There seems to be a huge push to get more girls interested in math and science from an elementary school age, why do you think this is important?

The world needs more mathematicians and scientists to solve the big problems the generations of the future will face. There is simply no reason why women cannot be a significant part of future scientific and mathematical advancements. Starting early is the key, but the success really lies in maintaining focus in study throughout all years in school.

Why do you think math has become so synonymous with men only?

When you ask someone, “Who are the smartest people of all time?” you hear Einstein, Tesla, Newton, Archimedes, and the list goes on. You may get one person to think of Marie Curie. Yet there are so many women to mention like Ada Lovelace, Charlotte Scott, and Amalie Noether who Einstein himself praised as a mathematical genius. Even today’s brilliant women like Ruth Lawrence, Manahel Thabet, and Judit Polgar whose father said “geniuses are made, not born” should be role models for young girls. This is something that should change, and I hope to see such a change in my lifetime.


What message do you have to other parents of girls who aren’t interested in any STEM fields?

Science, Technology, Engineering and Mathematics programs are one of the best things you can get your kids into. The top careers are all focused in these fields of study. Yet, to tell a young kid this is good for you is much like the same talk you give in regards to getting them to eat more veggies or take medicine. Parents and teachers have to find ways to make it the “cool” thing to do. Perhaps taking lessons outside of the classroom where it can be viewed as an escape from the confines of school. Doing volunteer work where lessons can be interwoven in the work so that this way they can see how these subjects are applied to real life. This reveals the answer to the inevitable question kids ask, “How is this ever going to help me in the real world?”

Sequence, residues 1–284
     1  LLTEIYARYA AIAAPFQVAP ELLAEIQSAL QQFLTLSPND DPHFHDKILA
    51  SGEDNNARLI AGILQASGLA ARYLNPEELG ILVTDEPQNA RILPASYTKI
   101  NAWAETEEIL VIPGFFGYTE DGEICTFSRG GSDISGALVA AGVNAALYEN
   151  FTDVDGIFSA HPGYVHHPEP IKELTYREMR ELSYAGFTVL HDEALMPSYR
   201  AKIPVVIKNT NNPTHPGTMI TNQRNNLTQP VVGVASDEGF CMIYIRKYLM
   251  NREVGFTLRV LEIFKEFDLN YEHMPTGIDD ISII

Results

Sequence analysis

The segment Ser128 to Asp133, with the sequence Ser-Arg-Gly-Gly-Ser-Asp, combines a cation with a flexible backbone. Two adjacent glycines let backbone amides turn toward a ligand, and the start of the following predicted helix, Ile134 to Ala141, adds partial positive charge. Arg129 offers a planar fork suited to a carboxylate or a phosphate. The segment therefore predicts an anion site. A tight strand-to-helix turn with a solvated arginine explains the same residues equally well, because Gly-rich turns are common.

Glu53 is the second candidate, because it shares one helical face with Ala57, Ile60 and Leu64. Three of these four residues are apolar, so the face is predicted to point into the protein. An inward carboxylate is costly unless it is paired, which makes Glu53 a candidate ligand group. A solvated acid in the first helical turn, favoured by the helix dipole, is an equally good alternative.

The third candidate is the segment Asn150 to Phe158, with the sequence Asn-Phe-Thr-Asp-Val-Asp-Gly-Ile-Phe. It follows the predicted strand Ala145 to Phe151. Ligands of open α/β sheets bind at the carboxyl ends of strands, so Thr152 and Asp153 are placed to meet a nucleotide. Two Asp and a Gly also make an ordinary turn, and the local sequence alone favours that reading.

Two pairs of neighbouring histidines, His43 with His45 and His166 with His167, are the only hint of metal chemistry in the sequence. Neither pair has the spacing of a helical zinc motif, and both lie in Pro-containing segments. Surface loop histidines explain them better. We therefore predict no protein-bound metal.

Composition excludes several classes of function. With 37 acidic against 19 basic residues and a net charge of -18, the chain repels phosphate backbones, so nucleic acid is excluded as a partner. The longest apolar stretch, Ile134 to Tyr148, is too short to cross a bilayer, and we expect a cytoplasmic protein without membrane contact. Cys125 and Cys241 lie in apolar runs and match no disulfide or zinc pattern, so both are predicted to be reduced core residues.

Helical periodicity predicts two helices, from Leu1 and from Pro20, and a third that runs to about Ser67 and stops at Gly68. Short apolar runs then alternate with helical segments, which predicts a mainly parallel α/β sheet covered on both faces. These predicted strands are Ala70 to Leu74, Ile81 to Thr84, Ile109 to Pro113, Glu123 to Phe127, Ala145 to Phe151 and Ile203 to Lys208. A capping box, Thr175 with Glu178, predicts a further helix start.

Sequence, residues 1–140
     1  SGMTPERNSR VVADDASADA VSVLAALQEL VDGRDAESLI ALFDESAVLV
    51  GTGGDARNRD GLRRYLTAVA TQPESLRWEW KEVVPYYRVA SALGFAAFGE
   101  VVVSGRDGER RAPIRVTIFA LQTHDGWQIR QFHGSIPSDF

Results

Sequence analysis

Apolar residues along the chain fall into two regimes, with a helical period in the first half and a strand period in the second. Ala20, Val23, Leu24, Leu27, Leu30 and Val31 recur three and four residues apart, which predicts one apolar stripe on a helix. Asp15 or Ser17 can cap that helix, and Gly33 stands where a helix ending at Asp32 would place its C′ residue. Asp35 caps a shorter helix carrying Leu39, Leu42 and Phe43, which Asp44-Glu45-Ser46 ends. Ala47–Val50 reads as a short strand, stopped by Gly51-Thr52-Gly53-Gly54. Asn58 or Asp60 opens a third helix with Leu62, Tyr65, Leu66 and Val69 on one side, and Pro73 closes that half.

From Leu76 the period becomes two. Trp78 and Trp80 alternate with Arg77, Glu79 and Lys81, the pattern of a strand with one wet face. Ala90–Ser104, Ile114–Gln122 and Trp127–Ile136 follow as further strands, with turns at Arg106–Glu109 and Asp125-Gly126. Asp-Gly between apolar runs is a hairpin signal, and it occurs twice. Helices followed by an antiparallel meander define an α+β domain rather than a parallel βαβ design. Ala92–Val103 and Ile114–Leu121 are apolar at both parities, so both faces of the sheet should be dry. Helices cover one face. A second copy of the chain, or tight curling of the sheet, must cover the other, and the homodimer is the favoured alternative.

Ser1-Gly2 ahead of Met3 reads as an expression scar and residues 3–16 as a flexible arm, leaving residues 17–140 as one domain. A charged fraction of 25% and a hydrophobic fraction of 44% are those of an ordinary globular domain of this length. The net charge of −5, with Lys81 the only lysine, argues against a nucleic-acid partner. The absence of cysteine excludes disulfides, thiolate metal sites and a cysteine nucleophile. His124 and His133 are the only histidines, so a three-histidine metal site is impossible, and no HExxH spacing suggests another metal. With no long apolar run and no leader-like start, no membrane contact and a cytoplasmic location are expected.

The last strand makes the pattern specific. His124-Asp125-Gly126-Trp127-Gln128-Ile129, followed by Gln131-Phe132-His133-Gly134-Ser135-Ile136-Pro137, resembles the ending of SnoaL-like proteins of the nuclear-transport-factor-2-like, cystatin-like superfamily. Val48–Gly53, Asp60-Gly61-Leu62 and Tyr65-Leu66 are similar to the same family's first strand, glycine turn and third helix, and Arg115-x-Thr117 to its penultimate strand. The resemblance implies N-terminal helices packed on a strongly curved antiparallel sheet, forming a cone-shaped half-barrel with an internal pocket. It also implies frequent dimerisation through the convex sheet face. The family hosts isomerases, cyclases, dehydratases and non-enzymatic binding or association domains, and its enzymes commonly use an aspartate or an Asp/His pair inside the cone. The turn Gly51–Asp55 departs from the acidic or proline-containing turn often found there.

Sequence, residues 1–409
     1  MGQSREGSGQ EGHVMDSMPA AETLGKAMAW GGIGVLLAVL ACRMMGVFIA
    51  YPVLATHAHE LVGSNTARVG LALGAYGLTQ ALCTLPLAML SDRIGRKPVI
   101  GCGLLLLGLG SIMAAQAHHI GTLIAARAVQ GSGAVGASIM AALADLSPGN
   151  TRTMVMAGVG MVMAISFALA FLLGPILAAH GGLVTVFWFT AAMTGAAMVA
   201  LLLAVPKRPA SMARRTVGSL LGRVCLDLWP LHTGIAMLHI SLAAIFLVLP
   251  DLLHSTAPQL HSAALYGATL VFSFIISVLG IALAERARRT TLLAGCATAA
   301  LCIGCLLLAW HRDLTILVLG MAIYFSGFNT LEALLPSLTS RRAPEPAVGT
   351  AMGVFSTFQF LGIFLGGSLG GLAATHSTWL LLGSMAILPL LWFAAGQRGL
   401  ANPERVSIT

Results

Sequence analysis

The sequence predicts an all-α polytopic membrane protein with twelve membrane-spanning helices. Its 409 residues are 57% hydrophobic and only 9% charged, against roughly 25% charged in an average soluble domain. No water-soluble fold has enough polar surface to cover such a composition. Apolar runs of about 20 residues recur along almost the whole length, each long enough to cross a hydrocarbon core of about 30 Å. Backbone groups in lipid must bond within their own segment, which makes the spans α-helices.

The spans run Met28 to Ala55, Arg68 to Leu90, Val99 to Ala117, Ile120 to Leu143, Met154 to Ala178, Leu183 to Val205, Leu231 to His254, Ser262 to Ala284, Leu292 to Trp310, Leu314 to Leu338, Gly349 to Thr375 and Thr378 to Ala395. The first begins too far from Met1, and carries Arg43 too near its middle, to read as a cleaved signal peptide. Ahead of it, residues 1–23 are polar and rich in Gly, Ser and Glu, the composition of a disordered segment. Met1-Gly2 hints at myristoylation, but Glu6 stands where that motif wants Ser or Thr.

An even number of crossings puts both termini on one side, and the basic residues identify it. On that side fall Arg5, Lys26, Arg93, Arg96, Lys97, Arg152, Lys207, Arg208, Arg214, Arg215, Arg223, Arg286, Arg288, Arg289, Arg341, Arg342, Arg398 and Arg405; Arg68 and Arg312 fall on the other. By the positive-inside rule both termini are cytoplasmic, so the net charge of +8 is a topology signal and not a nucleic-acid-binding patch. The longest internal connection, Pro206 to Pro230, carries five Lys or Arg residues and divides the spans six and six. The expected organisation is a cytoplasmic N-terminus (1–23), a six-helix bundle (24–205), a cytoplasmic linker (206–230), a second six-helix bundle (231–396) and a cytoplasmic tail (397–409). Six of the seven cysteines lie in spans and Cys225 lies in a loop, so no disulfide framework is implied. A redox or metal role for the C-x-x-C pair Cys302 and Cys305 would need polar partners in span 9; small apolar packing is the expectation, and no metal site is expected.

How do you hope Magicae Mathematica will inspire other girls (and boys) in the world to like math?

I hope that the readers will gain a new perspective on math. I hope they will see that math matters, as it does to characters in the story. Skills such as estimation and rates of change are just a couple that kids should hone their ability as these are used in everyday life. My wish is that all kids read this imaginary story and aspire to become master wizards in real life.


You can buy the first book in the Magicae Mathematica series from Amazon, follow the series on Twitter and Facebook, and tweet about the book using the hashtags #BigGirls4YoungGirls #missingvariable and #mathISmagical to show your support for Jim’s series, encouraging other parents to buy this for their daughters.

Below is the Scholastic infographic sharing valuable data on how powerful and influential a good book can be on the mind of a young girl or boy:




  1. Pingback: Libellus de Numeros (Magicae Mathematica Book 1) by Jim West | Ella Emerson